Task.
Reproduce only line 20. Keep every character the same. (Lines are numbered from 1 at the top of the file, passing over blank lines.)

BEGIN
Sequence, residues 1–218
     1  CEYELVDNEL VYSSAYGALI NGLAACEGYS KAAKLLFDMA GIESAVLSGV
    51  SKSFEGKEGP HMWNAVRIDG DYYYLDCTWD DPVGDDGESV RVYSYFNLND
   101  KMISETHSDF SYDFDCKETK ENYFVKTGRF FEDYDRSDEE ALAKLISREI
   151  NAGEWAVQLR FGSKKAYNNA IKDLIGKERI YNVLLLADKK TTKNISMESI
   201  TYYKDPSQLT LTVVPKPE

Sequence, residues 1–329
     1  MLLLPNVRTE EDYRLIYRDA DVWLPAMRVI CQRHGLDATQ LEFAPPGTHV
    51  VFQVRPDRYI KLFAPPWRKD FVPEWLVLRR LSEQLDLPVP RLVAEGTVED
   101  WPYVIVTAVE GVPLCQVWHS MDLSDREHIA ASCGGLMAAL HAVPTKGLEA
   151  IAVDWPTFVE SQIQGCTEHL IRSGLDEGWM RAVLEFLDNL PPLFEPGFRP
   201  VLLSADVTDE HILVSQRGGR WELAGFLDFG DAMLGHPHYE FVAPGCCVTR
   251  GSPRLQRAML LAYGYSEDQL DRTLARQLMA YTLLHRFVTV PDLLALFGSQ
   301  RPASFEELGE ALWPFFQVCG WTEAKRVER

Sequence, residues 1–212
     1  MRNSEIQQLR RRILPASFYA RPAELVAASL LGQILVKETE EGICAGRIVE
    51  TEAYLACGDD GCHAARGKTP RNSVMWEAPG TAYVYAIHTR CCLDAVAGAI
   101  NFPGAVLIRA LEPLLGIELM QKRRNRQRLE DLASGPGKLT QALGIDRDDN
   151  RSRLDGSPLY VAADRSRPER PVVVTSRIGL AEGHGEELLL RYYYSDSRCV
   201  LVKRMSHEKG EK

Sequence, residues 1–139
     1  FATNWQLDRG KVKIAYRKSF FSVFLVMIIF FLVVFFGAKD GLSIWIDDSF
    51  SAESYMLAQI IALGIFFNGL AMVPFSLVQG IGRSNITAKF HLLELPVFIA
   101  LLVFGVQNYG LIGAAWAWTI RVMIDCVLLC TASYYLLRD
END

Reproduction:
   201  LVKRMSHEKG EK